Black Lives Matter
Black Lives Matter (BLM) is an organized movement advocating for non-violent civil disobedience in protest against incidents of police brutality against African-American people. An organisation, known simply as Black Lives Matter, exists as a decentralised network with over 30 chapters in the United States and sister organisations worldwide, while a larger Black Lives Matter movement exists consisting of various separate like-minded organizations such as Dream Defenders and Assata's Daughters. The broader movement and its related organizations typically advocate against police violence towards black people, as well as for various other policy changes considered to be related to black liberation.
In 2013, the movement began with the use of the hashtag #BlackLivesMatter on social media after the acquittal of George Zimmerman in the shooting death of African-American teen Trayvon Martin in February 2012. The movement became nationally recognised for street demonstrations following the 2014 deaths of two African Americans: Michael Brown – resulting in protests and unrest in Ferguson, a city near St. Louis – and Eric Garner in New York City. Since the Ferguson protests, participants in the movement have demonstrated against the deaths of numerous other African Americans by police actions and / or while in police custody. In the summer of 2015, Black Lives Matter activists became involved in the 2016 United States presidential election. The originators of the hashtag and call to action, Alicia Garza, Patrisse Cullors, and Opal Tometi, expanded their project into a national network of over 30 local chapters between 2014 and 2016. The overall Black Lives Matter movement is a decentralised network and has no formal hierarchy.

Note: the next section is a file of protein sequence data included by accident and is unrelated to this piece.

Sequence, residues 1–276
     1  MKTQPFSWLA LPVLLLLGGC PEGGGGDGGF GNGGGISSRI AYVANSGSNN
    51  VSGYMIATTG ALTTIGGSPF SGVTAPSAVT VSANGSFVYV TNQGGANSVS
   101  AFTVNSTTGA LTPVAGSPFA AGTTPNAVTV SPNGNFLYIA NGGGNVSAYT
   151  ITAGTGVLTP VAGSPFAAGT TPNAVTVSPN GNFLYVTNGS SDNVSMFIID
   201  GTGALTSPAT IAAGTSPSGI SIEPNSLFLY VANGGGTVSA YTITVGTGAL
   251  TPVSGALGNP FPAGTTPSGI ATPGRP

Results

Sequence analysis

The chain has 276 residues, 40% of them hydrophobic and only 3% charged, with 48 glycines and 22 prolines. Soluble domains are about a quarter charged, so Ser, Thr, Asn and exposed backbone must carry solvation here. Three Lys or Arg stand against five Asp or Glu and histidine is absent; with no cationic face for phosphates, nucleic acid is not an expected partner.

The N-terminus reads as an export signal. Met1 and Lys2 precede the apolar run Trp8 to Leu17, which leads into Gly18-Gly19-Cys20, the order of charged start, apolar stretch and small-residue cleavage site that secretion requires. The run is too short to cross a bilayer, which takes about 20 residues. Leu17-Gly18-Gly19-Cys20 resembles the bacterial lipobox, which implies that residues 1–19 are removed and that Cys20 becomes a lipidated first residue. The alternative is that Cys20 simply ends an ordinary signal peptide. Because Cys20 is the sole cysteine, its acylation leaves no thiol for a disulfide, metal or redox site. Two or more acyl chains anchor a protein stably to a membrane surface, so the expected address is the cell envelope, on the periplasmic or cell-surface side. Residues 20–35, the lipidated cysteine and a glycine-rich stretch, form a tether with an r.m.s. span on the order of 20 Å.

The movement returned to national headlines and gained further international attention during the global George Floyd protests in 2020 following Floyd's death by police officer Derek Chauvin in Minneapolis, Minnesota.
This episode was written by Malorie Blackman and was first broadcast on BBC One on 21 October 2018.
In the episode, the Doctor, and her human friends Graham O'Brien, Ryan Sinclair, and Yasmin Khan, arrive in Alabama in 1955, and find themselves seeking to stop time-travelling criminal Krasko from preventing Rosa Parks influencing the American civil rights movement during the Montgomery Bus Boycott. The episode's plot concerns racial segregation in the United States at the time, including the law upheld in Alabama regarding municipal transit during this period.
500 Words is the world’s largest story-writing competition for kids. Over a million stories have been submitted since 2011, in response to everything from technology to climate change. Now, we want to bring children’s voices onto the themes and issues emerging from the Black Lives Matter movement. We want children to lead on the process of writing their story.
From 6:30am on Monday 29th June until Friday 3rd July at 11.59pm 2020, we invite children aged between 5 and 13 to respond in whatever way they wish in no more than 500 words, in the form of a story.
The narratives we write and share matter. We ask children to draw on their own experiences and feelings to create a story that can be as imaginative and visionary as they want. Storytelling is a must!
For that reason, we’ve brought together many high-profile personalities, school teachers and librarians alongside the continuing support and academic expertise of Oxford University Press to create 500 Words: Black Lives Matter.
To find out more - and to enter - click on the link below.